Wednesday, August 12, 2020

Revisiting the Wild Wild West: Night of the Steel Assassin

"The Night of the Steel Assassin"
Written by Calvin Clements and Steve Fisher
Directed by Lee Katzin
Synopsis (from IMDB): Jim and Arte must stop Torres - a man more metal than flesh, with superhuman strength, the power of hypnosis, and a taste for revenge - from killing President Grant.

Jim: This episode starts off with yet another moody night time dock setting. There is something about such locations that enhances the intrigue of the show in a way that the Western locales do not.

Trey: They do love those. It makes me wonder if they regretted not explicitly making their base of operations in San Francisco like the WWW adjacent, if not inspired, tv shows Barbary Coast (1975) and Brisco County, Jr. (1993).

Jim: We jump right into an action scene as our Victorian cyborg villain Torres (John Dehner, a frequent tv villain) smashes his way into a local shop with an iron fist! The shop owner defends himself with a harpoon, but it proves useless against this armor-plated killer.

It’s more than just a little coincidental that Jim West is walking by the shop when the attack takes place. Did I miss a bit of dialogue later that might explain this fortuitous timing?

Regardless, West finds himself unable to stop Torres; even bullets proved useless! We are left with Jim facing certain strangulation as a cliffhanger before we jump into the title sequence. When we return, Jim uses a smoke bomb to escape. A bit of an anticlimactic resolution, but it unfortunately sets the tone for the rest of the episode.

Trey: Yes, this episode has a problem with before cut cliffhangers that amount to not much. I do like seeing West use a gadget, though. 

Jim: In several instances, the episode brushes over some moments of tension with a wave of the hand. Chief among them is Artie supposedly being hypnotized, which the next seen immediately deflates. I also think Artie’s fall into a watery doom later in the episode is glossed over. He says he just swam out into a river, but the explanation comes late in the episode.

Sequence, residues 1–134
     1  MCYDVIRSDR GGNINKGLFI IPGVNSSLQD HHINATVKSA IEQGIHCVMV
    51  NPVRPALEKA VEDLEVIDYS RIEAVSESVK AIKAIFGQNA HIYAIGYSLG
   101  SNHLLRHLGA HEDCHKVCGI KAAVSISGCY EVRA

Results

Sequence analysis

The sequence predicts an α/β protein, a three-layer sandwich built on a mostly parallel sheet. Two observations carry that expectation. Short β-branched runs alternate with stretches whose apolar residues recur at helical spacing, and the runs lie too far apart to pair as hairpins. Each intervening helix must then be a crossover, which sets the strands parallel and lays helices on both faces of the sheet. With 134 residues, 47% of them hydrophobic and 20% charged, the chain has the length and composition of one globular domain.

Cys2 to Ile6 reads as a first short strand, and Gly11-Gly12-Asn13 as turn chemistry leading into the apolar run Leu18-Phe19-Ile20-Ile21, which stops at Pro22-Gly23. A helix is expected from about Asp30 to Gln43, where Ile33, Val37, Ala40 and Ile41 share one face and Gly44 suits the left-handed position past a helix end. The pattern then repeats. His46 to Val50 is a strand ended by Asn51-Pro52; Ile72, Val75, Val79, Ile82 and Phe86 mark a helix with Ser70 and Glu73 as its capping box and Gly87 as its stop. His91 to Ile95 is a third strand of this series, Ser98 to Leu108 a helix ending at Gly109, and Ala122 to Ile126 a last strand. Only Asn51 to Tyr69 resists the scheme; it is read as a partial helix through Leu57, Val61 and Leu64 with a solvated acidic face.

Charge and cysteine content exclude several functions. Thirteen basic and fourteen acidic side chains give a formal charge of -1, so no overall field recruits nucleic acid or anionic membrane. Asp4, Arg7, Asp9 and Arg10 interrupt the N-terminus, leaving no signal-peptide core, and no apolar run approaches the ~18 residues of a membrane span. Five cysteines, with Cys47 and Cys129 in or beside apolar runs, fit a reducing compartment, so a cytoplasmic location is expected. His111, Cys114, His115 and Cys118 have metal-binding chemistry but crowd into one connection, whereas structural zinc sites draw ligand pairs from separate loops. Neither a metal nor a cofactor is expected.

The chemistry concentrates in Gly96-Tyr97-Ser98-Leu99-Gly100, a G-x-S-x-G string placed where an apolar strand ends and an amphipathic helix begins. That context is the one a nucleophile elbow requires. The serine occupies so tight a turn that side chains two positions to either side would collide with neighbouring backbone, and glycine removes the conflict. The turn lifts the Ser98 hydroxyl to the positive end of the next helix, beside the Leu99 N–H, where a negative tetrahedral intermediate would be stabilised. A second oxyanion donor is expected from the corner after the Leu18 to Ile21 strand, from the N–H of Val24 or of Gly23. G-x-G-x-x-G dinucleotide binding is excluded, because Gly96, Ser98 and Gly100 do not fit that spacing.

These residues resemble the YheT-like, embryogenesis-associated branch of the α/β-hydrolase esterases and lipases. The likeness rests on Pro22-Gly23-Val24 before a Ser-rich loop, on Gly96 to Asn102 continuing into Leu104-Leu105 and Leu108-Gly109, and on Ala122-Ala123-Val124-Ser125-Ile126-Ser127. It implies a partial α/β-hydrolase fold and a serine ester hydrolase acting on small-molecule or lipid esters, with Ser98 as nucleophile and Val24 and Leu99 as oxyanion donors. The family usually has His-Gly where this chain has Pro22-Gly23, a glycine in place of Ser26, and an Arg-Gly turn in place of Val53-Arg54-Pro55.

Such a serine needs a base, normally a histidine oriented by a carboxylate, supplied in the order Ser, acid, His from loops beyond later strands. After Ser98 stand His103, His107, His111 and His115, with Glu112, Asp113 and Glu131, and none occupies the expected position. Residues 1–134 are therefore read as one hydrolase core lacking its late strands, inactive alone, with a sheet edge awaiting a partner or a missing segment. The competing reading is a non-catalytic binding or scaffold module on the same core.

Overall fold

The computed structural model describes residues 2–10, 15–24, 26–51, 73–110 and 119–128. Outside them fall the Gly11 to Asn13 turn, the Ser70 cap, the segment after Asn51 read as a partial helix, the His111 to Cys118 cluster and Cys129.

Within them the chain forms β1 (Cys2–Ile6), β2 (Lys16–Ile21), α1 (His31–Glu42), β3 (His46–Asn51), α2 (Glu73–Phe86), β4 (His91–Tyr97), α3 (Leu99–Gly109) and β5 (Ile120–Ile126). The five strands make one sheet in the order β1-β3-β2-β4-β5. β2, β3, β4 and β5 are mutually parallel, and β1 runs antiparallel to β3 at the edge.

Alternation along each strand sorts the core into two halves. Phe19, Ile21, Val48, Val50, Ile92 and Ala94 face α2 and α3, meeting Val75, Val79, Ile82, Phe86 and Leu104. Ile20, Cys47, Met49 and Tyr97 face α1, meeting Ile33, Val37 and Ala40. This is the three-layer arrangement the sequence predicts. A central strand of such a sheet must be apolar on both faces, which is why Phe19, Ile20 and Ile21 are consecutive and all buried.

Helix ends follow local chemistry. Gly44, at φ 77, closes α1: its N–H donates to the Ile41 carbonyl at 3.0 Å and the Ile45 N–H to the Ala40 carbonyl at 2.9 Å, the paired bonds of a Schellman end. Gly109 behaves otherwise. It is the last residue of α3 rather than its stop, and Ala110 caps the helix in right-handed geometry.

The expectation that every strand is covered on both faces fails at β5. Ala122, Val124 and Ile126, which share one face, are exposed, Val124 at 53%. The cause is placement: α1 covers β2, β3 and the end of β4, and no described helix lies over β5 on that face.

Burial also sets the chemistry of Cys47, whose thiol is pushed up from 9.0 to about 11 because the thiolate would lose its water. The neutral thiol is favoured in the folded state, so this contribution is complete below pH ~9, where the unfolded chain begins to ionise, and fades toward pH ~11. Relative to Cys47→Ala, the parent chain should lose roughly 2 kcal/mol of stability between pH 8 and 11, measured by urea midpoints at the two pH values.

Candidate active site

Trey: Don't forget the bit where the carriage driver leaps at West with a knife, and we go the break. When we're back, West just shoots him with no struggle.

Jim: I also felt a physical confrontation with West and Torres never quite played out like I wanted it to.

Trey: Yeah. I realize they wanted to establish Torres as superhuman, but then that's just a situation where Jim should fight smart.

Jim: Speaking of smart, this episode doesn't seem to think much of educated women. After meeting the independent thinking Nina Gilbert, Artemus says, “There should be a law against educating women.”

Later, Torres uses a spinning lamp to hypnotize her. He wants to make her less serious and more childlike, because he suggests she does too much thinking.

Trey: If it were just Torres you could blame it on his villainy, but Artie too? It's odd, because she's not played as educated but clueless, really. She's quite capable in that she figures the connection and tracks down Torres, though maybe she's a bit clueless in not seeing the potential danger. Still, the episode is invested in treating her as a figure of comedy much more so than the usual "woman of the week."

Jim: 1960s script writers being 1960s script writers, I guess.

Trey: Like the Loveless episodes, this one makes the villain out to be quite a remarkable man. Much more so than West or Gordon, despite their obvious talents. He taught himself hypnosis, engineering and surgery, apparently.

Jim: He does seem somewhat sympathetic, too, even we as deplore his murderousness. He says the officer's cheated in the faithful card draw that led to him being nearly killed by the enemy attack.

Trey: He says that, though the episode doesn't address the truth of his claim. I think WWW is too positive regarding Grant for that to be the case.

Did you notice that when West follows Nina to Torres's mansion, there is very much a horror vibe to it. Dracula's organ theme (Bach's "Toccata and Fugue") is even playing!

Jim: That was a weird, but a nice touch. My favorite part is when, early in the episode, Artie and Jim are seen going through paperwork. I love this visual. It tickles me to think of them having to wrangle bureaucratic red tape in between adventures. 

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